Copy

Sponsored by    

 

Readout @ JPM

Join us tomorrow for a STAT@JPM event! BioNTech founders Ugur Sahin and Ozlem Tureci will talk about Covid vaccines. A discussion of the week’s big news with STAT reporters will follow.

Unicorn down

As you endure J.P. Morgan’s umpteenth presentation from a private company extolling the disruptive future it inevitably has in store, spare a thought for Intarcia, the erstwhile unicorn now reduced to auctioning off lab equipment in the name of solvency.

China-based Luxin Venture Capital Group, one of Intarcia’s major investors, has written down its stake in the company to exactly zero dollars, STAT learned this week. Intarcia has not filed for bankruptcy, a spokesperson said, but it’s hosting an auction later this month in hopes of liquidating lab and office supplies and keeping the doors open.

It was a long way down to such dire straits for Intarcia, which raised more than $1.7 billion from investors on the promise of developing a tiny subdermal implant that could mete out treatments for diabetes, HIV, and autoimmune diseases. The company was once a JPM presenter, ahead of what was supposed to be a lucrative IPO. But the story came unglued in 2017, when the FDA rejected Intarcia’s application for approval, and continued to spiral in early 2020 when the agency said no for a second time.

Intarcia’s odds of prevailing on a third try look pretty long, making the company something of a cautionary tale in a biotech climate where valuations seem to move only upward.

Bayer — Bayer?! — is building quite the gene therapy team

In recent years, if you heard about Bayer, it was probably in relationship to its controversial and value-destroying purchase of Monsanto. If pharmaceutical wonks mention the German company, it’s as likely as anything to be around stories of the industry’s origins, or Bayer’s 120-year-old aspirin franchise.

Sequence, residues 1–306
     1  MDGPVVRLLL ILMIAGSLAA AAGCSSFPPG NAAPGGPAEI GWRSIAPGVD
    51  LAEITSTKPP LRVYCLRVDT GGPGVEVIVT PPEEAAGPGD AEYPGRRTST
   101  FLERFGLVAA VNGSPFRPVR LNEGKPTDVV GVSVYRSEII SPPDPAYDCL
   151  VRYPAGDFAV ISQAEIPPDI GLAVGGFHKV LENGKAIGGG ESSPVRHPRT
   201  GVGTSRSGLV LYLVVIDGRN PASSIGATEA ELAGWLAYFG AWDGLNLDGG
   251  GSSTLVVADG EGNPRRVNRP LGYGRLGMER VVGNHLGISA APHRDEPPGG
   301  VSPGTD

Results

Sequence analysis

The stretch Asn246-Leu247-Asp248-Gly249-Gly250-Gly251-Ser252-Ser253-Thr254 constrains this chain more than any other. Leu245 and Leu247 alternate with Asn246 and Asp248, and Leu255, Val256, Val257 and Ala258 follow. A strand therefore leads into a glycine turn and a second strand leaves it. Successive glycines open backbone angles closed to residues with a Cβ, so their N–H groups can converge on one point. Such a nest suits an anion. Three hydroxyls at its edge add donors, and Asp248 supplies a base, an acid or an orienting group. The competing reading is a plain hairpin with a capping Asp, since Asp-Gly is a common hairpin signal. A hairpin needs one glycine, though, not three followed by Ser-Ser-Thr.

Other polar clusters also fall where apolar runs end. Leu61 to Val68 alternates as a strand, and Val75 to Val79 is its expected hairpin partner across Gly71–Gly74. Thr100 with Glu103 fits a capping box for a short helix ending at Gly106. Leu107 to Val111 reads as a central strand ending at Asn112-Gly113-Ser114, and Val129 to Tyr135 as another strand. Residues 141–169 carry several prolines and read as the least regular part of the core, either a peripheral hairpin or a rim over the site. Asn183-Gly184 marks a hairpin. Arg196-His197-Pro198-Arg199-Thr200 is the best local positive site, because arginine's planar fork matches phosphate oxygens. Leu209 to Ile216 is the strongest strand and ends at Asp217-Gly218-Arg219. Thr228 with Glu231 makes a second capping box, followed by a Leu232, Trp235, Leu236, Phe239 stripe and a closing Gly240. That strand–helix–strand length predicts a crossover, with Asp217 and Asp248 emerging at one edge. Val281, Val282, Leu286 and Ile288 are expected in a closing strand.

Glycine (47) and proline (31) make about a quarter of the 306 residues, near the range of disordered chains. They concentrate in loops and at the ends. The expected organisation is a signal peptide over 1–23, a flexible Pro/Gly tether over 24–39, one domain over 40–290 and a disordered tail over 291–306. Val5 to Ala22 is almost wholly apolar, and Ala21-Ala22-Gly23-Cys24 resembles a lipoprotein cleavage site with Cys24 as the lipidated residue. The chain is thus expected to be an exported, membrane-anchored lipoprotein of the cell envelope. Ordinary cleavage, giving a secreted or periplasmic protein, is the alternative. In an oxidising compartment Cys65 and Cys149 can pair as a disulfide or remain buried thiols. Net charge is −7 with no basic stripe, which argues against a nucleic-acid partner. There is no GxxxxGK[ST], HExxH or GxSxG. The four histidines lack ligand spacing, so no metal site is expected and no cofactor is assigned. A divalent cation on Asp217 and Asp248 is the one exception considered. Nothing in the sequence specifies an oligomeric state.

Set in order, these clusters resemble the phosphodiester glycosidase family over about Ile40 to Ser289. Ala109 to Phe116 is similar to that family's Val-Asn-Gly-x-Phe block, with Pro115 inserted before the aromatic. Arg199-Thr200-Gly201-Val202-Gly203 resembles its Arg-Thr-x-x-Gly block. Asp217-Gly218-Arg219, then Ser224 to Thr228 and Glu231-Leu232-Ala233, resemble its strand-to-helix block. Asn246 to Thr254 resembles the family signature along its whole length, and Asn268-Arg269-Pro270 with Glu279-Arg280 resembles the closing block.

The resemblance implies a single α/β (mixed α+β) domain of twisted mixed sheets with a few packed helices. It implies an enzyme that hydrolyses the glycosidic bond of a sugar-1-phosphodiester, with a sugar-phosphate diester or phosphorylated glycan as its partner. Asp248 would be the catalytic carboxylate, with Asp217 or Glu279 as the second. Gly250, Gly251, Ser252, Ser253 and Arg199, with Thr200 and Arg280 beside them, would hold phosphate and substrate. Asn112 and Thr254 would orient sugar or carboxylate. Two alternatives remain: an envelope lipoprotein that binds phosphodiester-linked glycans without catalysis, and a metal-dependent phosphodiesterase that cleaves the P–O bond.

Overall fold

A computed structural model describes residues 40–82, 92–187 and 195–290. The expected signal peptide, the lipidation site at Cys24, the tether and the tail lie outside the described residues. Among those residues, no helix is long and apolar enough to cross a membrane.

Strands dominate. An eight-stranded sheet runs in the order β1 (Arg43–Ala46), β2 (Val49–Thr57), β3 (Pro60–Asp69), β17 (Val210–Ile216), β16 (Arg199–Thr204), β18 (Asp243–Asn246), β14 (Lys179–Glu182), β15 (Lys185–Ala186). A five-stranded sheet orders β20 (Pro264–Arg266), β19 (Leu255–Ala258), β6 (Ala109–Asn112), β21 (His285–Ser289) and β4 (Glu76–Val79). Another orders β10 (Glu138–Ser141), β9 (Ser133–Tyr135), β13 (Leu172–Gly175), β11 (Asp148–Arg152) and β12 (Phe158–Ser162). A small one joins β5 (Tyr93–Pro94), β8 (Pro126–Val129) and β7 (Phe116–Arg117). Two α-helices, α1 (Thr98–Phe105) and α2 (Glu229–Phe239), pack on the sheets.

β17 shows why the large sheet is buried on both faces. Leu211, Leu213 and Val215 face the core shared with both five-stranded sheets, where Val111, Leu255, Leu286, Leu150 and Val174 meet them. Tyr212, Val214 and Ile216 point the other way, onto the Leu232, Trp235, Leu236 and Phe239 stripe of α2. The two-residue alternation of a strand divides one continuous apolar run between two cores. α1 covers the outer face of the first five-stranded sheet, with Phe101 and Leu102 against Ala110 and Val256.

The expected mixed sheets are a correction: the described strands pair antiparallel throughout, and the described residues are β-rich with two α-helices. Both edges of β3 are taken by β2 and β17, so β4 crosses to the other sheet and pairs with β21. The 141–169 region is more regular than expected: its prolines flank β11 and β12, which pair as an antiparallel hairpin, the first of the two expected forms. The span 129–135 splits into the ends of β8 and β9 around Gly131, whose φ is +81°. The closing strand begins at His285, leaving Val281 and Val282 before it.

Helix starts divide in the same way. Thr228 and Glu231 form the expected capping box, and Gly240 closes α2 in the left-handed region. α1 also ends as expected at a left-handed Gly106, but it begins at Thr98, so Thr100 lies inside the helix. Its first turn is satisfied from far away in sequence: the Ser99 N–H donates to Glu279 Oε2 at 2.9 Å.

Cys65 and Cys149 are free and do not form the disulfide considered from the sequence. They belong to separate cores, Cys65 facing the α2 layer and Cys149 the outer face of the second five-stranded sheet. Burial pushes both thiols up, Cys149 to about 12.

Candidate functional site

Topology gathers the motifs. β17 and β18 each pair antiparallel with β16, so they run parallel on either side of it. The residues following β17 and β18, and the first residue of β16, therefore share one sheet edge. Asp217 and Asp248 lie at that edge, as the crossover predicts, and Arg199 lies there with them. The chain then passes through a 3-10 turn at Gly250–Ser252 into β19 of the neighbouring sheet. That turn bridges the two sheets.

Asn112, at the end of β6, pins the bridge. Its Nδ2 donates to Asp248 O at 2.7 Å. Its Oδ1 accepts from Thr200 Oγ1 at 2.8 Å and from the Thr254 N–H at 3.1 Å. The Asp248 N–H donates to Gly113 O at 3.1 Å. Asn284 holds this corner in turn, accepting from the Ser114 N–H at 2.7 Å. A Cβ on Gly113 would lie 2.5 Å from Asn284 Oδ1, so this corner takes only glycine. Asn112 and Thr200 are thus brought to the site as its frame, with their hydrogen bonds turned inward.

But in recent months the company has been building a powerful team in gene therapy. On Tuesday, Bayer announced that Kathy High, the co-founder of Spark Therapeutics and the person who guided the development of Luxturna, the first approved gene therapy to the market, would join the company as president, therapeutics. She’s joining Bayer’s AskBio division, which is built around another gene therapy pioneer, Jude Samulski, whose work helped lead to, among other things, a gene therapy Pfizer is testing for Duchenne muscular dystrophy.

Bayer bought AskBio for $4 billion in October. When Bayer “came and said, we’re gonna leave you guys alone, I said, that’s it,” Samulski said of the sale at the time.

Covid has been lucrative for testing companies

Last year, few people at JPM had heard about the unusual new pneumonia that was infecting people in Wuhan. 

This year, though, the pandemic is all that people want to hear about from a handful of presenting companies. Over the last two days, testing companies’ CEOs have detailed for investors how the pandemic has led to millions in revenue for their companies, even when demand for other kinds of clinical tests fell off a cliff in early 2020.

“We’ve generated more than $1 billion from Covid-19,” said PerkinElmer CEO Prahlad Singh. Hologic’s diagnostics revenue was up more than 200% in 2020. “Of course, the Covid-19 pandemic represented a tailwind for our results,” said Qiagen’s CEO Thierry Bernard.